Remediation & Restoration


EPA organized the remediation work into three operable units (OUs):


Cleanup and restoration accomplishments at the site include:


The marsh has significantly improved over the last 20 years, as a result of remediation work done by Honeywell and its partners.

Egret on oyster bed

After an extensive environmental investigation of the tidal marsh adjacent to the former LCP site, the U.S. Environmental Protection Agency (EPA) issued its approval of a cleanup plan in September 2015. The approved remedy, which will address 24 acres of marshland, will reduce risks to human health, mammals, fish and the benthic community.

A consent decree between Honeywell, Georgia Power, EPA, and the U.S. Department of Justice (DOJ) was finalized in July 2017. This final approval was delayed by nearly a year to allow the EPA and DOJ to respond to a challenge filed by the Glynn Environmental Coalition.

Honeywell is now drafting a design plan that will detail how the cleanup will be done. Once the construction work begins, it will take approximately two years to complete.

Examining Fish from River and Creeks

At the end of 2017 Honeywell voluntarily conducted its third study of fish that live in the waters around the LCP site for the Georgia Dept. of Natural Resources (DNR). Samples of 11 species of fish from Turtle River, Purvis Creek and Gibson Creek were collected and analyzed.

Honeywell scientists collected fish according to DNR protocols, and sent them to a certified laboratory for analysis. Fish quality has steadily improved since the first fish around the LCP site were studied in 1991 and 1992.

The data help DNR compile its Guidelines for Eating Fish from Georgia Waters.

Honeywell's last fish sampling was completed in 2011. Study results have shown steady improvement over the years in the quality of most of the fish tissue collected around the LCP site.

Net Fishing Turtle River Alex Testoff, an environmental engineer working for Honeywell, nets fish at daybreak on the Turtle River.

Investigation, Public Input, and Remediation Cleanup work performed shortly after LCP Chemical went bankrupt in 1991 accomplished the excavation, disposal and restoration of approximately 13 acres of contaminated marsh flats and 2,650 feet of tidal channels.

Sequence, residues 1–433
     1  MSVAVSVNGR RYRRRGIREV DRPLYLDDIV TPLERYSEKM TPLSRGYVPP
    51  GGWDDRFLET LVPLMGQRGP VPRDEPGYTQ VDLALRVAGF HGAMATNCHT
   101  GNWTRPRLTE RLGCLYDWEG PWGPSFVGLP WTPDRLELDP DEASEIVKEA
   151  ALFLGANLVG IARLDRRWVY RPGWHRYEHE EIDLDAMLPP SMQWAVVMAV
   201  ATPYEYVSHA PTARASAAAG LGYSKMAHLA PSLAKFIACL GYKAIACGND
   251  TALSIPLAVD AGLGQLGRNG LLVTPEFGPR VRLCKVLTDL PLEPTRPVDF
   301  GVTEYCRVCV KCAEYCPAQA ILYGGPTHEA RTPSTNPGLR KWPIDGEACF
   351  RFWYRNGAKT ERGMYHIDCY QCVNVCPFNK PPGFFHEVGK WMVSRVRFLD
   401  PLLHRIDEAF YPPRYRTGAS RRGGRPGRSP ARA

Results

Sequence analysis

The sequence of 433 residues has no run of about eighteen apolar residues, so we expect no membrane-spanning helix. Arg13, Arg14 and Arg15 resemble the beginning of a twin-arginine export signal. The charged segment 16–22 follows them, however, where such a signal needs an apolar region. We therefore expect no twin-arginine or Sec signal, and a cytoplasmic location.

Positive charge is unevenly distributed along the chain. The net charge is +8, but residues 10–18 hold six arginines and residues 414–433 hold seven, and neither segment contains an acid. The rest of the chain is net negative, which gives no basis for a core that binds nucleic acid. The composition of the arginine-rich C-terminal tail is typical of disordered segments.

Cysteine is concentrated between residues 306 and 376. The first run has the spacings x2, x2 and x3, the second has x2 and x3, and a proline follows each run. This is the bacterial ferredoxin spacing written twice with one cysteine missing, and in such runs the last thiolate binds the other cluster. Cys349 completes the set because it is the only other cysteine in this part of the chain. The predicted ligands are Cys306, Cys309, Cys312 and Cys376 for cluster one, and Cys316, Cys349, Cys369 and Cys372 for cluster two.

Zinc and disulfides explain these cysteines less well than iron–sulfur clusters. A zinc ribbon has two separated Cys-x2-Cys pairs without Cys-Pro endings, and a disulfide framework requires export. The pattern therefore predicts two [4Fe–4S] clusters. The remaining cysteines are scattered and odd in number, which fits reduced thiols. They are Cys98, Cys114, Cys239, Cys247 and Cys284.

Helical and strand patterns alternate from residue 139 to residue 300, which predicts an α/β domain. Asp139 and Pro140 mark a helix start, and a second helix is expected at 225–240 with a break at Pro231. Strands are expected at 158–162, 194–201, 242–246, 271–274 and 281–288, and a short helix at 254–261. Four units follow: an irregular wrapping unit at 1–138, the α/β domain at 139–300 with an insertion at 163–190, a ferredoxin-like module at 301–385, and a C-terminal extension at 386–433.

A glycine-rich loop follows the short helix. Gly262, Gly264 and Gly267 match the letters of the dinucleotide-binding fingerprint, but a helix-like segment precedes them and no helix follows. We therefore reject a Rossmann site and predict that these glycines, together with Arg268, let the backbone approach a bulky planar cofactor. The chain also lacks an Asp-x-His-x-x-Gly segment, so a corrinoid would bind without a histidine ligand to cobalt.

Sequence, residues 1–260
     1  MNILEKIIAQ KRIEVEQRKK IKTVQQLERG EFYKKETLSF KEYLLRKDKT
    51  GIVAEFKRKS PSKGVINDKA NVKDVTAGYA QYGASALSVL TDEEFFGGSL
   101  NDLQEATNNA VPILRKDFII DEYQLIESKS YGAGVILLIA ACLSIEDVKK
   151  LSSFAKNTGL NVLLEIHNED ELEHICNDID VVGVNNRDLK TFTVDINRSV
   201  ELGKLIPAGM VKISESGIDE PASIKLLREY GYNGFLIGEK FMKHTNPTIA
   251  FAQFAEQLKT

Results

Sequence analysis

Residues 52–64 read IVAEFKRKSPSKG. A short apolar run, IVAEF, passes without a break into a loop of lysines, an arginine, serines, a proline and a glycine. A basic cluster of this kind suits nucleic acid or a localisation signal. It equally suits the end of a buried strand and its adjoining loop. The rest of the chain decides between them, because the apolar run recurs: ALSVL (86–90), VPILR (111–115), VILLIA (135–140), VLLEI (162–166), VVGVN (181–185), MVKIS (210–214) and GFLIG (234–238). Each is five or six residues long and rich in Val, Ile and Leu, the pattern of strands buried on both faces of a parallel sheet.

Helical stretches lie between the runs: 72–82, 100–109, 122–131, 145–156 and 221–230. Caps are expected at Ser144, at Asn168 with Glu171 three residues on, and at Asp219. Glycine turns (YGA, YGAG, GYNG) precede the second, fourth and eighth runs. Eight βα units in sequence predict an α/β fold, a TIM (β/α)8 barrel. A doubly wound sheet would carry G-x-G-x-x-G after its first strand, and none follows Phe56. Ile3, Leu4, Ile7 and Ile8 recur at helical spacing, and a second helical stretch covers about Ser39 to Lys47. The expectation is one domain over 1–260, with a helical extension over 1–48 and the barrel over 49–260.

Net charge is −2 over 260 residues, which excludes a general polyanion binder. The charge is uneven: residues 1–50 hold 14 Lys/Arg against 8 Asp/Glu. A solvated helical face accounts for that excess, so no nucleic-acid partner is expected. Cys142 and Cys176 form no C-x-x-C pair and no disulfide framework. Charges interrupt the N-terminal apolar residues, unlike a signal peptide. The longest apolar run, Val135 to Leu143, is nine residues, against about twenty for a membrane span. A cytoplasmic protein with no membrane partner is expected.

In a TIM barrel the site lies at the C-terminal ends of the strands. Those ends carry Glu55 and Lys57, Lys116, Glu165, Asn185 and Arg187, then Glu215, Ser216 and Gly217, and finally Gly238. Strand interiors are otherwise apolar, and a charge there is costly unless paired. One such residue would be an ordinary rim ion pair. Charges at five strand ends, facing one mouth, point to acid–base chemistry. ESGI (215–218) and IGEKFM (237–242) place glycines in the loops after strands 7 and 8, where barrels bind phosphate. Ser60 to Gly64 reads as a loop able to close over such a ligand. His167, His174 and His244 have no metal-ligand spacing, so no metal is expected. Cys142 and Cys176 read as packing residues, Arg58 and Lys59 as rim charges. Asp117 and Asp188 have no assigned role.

Before deciding on the current cleanup plan, the EPA sought input from the public during two public sessions: a public meeting on December 4, 2014, and a public availability session on February 26, 2015. At these meetings, the EPA explained the scientific and technical basis for the proposed remedy.

The remedy will include:

The cleanup plan reflects years of scientific investigations and engineering analyses.

Honeywell is committed to remediating and restoring the marsh and returning the LCP site to productive use that will benefit the Brunswick economy.

Belted Kingfisher

Pilot Study will Refine Design of Thin Layer Cover

Thin cover application

The EPA remedy, specified in a Consent Decree between EPA, Honeywell and Georgia Power, will use a combination of technologies: dredging, sediment capping, and a thin layer cover. The thin layer cover was determined to represent the best option for portions of the marsh that are relatively less contaminated and are subject to low levels of erosion.

The pilot study will also provide data to advance the design of the full-scale remedy and enable contractors to develop effective techniques to minimize disruption to the marsh.

In the final design, the thin layer cover will consist of about six inches of clean sand-like material on roughly 11 acres of the marsh that are contaminated with lower levels of mercury and PCBs. The EPA selected thin layer cover for portions of the marsh by considering and balancing several factors, with the end goal of choosing a remedy that is protective of human health and the environment.

Sediment sampling

In March and April this year, a thin layer cover was constructed in two areas that total about 2/3 of an acre. These areas will be monitored through 2019 to assess performance.


A system of sparging wells treated the groundwater successfully.

More than 150 groundwater monitoring wells check the movement and conditions of groundwater beneath the site. Data is collected and analyzed from an upland area that housed a variety of manufacturing facilities over 75 years.

An important milestone was reached in 2016 with the completion of carbon dioxide (CO2) treatment of an area within the footprint of an old manufacturing building impacted by caustic brine. Honeywell utilized an innovative treatment technology, injecting or "sparging" CO2 into the sub-surface to reduce the levels of pH (alkaline) and mercury.

The CO2 treatment occurred in three phases over several years, and deployed 209 sparging wells. The pH reduction and mercury stabilization are permanent and not changed by natural conditions such as storms or flooding.

Testing over time has demonstrated that local drinking water supplies are not affected by the site groundwater.

Upland soils

The PRPs have submitted a technical memorandum to EPA for the upland soils and expect to complete the feasibility study once the technical memorandum has been reviewed and approved by EPA.